22 GTC - Mathematica for GPU Programming (1).nbDevice 1 Device 2 Device 3 Device 4Name GeForce GTX 295Clock Rate 1296000Compute Capabilities 1.3GPU Overlap 1Maximum Block Dimensions 512, 512,64Maximum Grid Dimensions 65535, 65535,1Maximum Threads Per Block 512Maximum Shared Memory Per Block 16384Total Constant Memory 65536Warp Size 32Maximum Pitch 2147483647Maximum Registers Per Block 16384Texture Alignment 256Multiprocessor Count 30Core Count 240Execution Timeout 1IntegeratedFalseCan Map Host MemoryCompute ModeFalseDefaultTexture1D Width 8192Texture2D Width 65536Texture2D Height 32768Texture3D Width 2048Texture3D Height 2048Texture3D Depth 2048Texture2D Array Width 8192Texture2D Array Height 8192Texture2D Array Slices 512Surface Alignment 256Concurrent KernelsFalseECC EnabledFalseTotal Memory 911736832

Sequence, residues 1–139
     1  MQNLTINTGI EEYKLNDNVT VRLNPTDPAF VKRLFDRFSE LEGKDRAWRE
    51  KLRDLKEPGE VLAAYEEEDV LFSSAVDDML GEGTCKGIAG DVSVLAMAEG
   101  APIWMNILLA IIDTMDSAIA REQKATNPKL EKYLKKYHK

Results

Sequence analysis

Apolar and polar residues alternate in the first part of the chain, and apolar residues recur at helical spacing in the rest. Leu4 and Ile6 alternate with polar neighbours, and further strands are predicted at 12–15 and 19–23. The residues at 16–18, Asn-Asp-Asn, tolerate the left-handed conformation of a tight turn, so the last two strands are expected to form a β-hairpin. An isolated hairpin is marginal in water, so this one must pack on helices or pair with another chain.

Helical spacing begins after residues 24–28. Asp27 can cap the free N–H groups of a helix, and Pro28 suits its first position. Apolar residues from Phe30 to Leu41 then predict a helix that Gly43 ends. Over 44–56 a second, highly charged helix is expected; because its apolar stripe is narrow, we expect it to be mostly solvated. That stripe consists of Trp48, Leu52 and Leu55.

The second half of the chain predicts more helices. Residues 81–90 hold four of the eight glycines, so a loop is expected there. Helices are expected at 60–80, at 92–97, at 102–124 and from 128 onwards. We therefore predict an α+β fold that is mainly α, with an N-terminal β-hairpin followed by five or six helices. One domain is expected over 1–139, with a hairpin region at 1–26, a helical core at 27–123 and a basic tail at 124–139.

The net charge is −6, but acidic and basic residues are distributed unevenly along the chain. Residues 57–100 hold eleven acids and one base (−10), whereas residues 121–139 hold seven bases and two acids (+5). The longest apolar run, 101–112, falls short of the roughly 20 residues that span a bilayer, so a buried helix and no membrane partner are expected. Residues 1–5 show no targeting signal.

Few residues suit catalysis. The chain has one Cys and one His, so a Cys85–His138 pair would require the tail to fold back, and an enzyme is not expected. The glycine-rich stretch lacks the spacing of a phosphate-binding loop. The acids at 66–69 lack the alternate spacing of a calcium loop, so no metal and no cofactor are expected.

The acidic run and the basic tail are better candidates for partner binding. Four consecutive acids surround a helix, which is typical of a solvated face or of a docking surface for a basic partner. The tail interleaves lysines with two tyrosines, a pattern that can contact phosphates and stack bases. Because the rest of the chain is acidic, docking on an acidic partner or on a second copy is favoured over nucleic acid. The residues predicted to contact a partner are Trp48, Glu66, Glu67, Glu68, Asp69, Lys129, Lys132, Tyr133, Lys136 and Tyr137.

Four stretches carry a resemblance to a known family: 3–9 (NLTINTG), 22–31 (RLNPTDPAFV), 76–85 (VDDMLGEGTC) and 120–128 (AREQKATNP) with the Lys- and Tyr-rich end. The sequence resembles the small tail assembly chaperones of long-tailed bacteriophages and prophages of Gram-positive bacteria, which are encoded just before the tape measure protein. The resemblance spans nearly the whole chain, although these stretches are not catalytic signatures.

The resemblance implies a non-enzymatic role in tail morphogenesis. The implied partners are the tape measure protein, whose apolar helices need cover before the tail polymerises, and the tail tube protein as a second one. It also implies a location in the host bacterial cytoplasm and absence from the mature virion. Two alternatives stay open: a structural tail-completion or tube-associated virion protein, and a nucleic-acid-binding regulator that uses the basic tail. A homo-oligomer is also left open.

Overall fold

GTC - Mathematica for GPU Programming (1).nb 23Example of a report generated by CUDAInformation.Retargetable Code GenerationCUDALink provides you with the ability to perform on-the-fly compilation and execution, or tocompile executables or libraries to be used later. Code can also be compiled into an executableor an external library for out-of-Mathematica use.Mathematica provides SymbolicC which provides a hierarchical view of C code as Mathematica’sown language. This makes it well suited to creating, manipulating, and optimizing C code. Inconjunction with this capability, users can generate CUDA kernel code for several differenttargets, for greater portability, less platform dependency, and better code optimization.Several built-in functions perform code generation, depending on the target:SymbolicCCUDACodeGenerate takes a CUDA kernel function or program and generates SymbolicC output.The SymbolicC output can then be used to render CUDA code that calls the correct functions tobind the CUDA code to Mathematica.CUDASymbolicCGenerate produces the abstract syntax treee output for CUDA kernel as thewrapper code.Dynamic libraryCUDALibraryGenerate generates CUDA interface code and compiles it into a library that canbe loaded into Mathematica.StringCUDACodeStringGenerate generates CUDA interface code in string form which can beexported to other development platforms. |